Employability skills survey

In 2015 we surveyed hundreds of employers to identify the top skills and attributes they look for in students and new graduates.

The goals of the survey were to:

  • identify the top ten skills and attributes which employers look for in new graduates and students
  • explore the level of competency expected for each of these skills and attributes at the time of hiring
  • identify employer satisfaction with the levels of competency that Victoria University of Wellington students and graduates demonstrate for the skills and attributes identified as the most important

Wellington School of Business and Government also commissioned part of the research to survey employers about the most desirable skills and attributes when specifically recruiting commerce graduates.

We received 346 eligible responses from local, regional, national, and international organisations. The respondent population consisted of 61% private, 28% public, and 11% non-profit organisations. To the best of our knowledge, this is the largest response set of an employability skills survey in New Zealand and Australia to date.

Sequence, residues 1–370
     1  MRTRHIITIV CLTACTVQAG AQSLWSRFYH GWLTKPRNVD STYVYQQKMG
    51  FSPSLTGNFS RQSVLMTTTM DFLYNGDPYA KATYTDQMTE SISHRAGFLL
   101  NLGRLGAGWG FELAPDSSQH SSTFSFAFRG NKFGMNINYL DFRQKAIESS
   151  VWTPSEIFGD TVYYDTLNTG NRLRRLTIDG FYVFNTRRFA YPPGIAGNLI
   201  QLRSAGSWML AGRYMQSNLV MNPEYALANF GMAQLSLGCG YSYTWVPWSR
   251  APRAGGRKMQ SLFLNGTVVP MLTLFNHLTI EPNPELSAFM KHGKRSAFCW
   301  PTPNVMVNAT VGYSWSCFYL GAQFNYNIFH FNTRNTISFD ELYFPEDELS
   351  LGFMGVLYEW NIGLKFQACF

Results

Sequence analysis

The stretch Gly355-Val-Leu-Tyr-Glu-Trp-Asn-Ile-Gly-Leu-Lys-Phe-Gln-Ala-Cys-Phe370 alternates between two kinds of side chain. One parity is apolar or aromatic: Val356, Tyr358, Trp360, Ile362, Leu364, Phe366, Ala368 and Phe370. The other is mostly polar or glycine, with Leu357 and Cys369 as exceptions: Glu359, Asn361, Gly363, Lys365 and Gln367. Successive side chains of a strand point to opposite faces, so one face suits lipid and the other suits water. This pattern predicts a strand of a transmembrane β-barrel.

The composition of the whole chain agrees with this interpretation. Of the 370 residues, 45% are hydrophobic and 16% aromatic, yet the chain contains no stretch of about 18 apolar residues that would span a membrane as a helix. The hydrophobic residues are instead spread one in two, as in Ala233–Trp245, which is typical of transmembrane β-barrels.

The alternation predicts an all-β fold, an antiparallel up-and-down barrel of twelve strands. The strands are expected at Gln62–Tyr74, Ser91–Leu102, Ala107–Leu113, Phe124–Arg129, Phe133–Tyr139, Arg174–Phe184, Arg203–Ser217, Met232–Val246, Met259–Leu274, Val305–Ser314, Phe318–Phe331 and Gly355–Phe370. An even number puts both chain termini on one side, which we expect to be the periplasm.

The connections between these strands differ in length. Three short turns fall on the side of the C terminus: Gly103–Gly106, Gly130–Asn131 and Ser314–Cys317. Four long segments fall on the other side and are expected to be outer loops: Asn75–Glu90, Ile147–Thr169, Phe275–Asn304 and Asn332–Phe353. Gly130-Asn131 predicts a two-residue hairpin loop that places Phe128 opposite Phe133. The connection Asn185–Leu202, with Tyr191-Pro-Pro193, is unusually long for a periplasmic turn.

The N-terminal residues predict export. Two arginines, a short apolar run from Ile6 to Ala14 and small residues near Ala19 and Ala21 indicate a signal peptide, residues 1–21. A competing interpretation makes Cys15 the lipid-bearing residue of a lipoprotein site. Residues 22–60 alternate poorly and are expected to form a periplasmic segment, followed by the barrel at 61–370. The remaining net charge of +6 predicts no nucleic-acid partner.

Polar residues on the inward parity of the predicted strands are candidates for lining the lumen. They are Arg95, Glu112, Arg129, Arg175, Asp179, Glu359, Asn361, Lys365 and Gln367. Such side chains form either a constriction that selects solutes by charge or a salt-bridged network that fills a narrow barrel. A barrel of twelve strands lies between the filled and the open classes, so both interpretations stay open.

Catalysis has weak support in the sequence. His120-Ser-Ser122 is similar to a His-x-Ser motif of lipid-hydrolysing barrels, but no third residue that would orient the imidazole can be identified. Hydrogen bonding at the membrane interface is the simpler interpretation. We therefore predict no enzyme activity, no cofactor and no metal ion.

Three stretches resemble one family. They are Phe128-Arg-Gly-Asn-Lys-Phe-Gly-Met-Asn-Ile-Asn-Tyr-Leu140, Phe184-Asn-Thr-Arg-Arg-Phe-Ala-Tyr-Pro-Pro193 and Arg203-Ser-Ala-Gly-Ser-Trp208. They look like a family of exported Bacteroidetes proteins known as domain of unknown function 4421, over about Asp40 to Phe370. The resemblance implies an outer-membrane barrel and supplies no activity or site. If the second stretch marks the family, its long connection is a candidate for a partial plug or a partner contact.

Top 10 skills and attributes sought after in university graduates

All respondents:

  1. Work ethic
  2. Verbal communication skills
  3. Energy and enthusiasm
  4. Analytical and critical thinking
  5. Problem solving
  6. Team work
  7. Interpersonal skills
  8. Written communication skills
  9. Self-management
  10. Initiative and enterprise

Respondents recruiting graduates with Commerce majors:

  1. Verbal communication skills
  2. Work ethic
  3. Analytical and critical thinking
  4. Interpersonal skills
  5. Team work
  6. Problem solving
  7. Energy and enthusiasm
  8. Written communication skills
  9. Initiative and enterprise
  10. Self-management

Employers commented on the importance of graduates demonstrating a genuine interest in the work of the organisation and good understanding of the industry sector.

They also considered that extracurricular activities and life experiences such as living independently or overseas travel were important. Employers seek evidence of interests that go beyond the degree course, especially those that involve hands-on experience in a work environment. These comments highlight the value that employers place on students and graduates being well-rounded individuals who can demonstrate at least some strengths in all of the skill areas within the top ten list.

The results illustrate that the key to employability is the combination of the skills, and the best approach to the top ten skills and attributes is to view them collectively rather than individually.

For more information

Andrew profile picture

Andrew Tui

Manager, Careers and Employment
Wellington Careers and Employment